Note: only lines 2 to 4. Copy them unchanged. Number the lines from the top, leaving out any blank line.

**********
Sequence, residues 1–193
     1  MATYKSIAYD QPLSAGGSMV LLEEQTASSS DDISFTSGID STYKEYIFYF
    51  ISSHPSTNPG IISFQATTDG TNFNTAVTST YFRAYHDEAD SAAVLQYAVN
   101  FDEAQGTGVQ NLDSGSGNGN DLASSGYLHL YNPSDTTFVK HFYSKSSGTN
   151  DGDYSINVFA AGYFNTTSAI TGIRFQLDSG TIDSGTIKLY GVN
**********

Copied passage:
     1  MATYKSIAYD QPLSAGGSMV LLEEQTASSS DDISFTSGID STYKEYIFYF
    51  ISSHPSTNPG IISFQATTDG TNFNTAVTST YFRAYHDEAD SAAVLQYAVN
   101  FDEAQGTGVQ NLDSGSGNGN DLASSGYLHL YNPSDTTFVK HFYSKSSGTN